Instead of rain, São Paulo has cracked earth and chaos as a devastating drought is making enemies out of neighbors in Brazil’s largest city, the site of a historic water shortage the likes of which hasn’t been seen in decades. Many residents have gone to drastic measures to hoard the precious commodity in the face of tougher water use restrictions, pinched faucets and declining reservoirs. Local authorities fearing anarchy in the city of 11 million are considering bringing in the military to control what’s quickly spiraling into a war over resources.
São Paulo’s water crisis that began last year is the region’s worst drought in more than 80 years. Brazil is home to roughly 12 percent of the world’s fresh water, yet millions of residents in the country’s most populated metropolis have gone days on end without running water, according to the Guardian. The drought is the result of three consecutive years of record low rainfall, which the city relies on to replenish its depleted reservoirs.
Today, the city’s reservoirs are at just 27 percent capacity, down from 40 percent in May 2014. Other reservoirs that aren’t at dangerously low levels are too polluted for human use.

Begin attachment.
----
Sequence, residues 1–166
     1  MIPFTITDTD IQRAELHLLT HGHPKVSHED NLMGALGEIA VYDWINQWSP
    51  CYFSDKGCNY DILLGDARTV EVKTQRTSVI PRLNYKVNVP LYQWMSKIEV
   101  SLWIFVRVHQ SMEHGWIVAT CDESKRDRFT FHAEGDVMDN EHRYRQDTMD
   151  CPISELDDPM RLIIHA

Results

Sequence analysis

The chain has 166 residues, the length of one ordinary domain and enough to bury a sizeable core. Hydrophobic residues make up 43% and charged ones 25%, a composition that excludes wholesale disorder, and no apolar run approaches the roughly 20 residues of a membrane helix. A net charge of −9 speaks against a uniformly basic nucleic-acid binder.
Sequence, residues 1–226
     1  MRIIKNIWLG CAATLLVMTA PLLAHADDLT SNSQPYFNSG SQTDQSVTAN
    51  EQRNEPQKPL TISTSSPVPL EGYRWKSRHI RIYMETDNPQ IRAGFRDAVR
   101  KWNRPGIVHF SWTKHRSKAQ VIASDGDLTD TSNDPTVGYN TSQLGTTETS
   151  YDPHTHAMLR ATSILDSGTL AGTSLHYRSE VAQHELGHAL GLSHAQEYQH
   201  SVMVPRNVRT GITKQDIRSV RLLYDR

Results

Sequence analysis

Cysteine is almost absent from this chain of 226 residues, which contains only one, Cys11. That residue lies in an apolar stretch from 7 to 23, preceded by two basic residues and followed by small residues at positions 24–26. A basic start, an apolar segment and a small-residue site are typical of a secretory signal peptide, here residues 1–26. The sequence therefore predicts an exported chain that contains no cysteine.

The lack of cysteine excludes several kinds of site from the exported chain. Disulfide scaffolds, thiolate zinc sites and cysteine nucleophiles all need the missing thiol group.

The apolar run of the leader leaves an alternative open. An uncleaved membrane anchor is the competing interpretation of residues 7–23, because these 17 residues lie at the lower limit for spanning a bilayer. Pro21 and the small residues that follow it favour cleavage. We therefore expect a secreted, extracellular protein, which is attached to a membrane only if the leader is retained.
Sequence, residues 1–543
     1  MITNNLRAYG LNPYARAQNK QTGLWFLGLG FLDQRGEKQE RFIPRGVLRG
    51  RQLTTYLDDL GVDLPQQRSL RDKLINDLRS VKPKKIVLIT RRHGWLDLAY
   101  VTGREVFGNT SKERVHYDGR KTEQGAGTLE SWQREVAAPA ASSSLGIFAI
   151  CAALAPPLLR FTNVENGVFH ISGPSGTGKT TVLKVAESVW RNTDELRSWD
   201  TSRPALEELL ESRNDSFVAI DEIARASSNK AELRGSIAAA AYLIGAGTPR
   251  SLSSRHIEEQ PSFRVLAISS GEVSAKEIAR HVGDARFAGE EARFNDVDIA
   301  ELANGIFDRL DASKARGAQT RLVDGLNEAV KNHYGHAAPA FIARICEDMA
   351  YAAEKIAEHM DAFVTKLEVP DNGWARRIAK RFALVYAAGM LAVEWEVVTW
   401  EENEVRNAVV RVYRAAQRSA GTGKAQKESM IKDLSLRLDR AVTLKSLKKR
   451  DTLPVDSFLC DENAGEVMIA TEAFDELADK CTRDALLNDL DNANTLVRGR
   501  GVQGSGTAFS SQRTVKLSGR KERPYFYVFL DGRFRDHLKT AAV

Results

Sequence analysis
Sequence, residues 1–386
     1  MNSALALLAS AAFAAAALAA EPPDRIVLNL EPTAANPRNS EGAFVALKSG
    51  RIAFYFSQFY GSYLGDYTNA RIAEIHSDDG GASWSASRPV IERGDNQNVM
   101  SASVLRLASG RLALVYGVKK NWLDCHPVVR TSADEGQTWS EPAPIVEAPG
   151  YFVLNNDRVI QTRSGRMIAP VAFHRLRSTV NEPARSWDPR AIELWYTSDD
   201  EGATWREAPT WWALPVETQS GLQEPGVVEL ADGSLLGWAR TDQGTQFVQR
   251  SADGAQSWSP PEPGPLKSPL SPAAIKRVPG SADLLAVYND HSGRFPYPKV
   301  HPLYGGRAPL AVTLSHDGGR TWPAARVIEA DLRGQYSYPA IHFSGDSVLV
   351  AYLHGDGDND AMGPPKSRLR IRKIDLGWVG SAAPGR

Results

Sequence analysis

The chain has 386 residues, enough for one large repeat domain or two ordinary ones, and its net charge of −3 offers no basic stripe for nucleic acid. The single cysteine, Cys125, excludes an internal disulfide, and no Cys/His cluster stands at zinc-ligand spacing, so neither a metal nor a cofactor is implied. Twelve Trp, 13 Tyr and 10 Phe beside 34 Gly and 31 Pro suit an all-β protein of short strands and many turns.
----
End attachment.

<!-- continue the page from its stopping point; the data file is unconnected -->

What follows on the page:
Arguments have broken out among some water-strapped residents living in the city’s crowded apartment buildings in the midst of water rationing, Claire Rigby, a British journalist based in São Paulo, reported. Other city dwellers whose water was turned off for large chunks of the day took to the streets in February to protest the government turning off their taps.
Leaders met last week to discuss handling São Paulo’s worsening water crisis, with some raising concerns over a collapse in social order as residents become increasingly desperate. Officials pointed to the city of Itu, which broke out in intense protests and looting last year during the drought. “If a small city like Itu unleashed all of that in such a short time, imagine what could happen in a city like [São Paulo,]” Paulo Massato, engineer at São Paulo’s water facility, said during the conference, according to La Nueva Televisora del Sur.
The government of São Paulo has taken steps to limit city residents’ access to water, but the efforts have done little to alleviate the crisis. Resource experts say the problem will likely have consequences for years to come.
“You have to think about the way of dealing with a crisis that has not just come in the short range, but has come to stay,” water expert Pedro Jacobi of the University of São Paulo told Circle of Blue. “You have to look at it as permanent."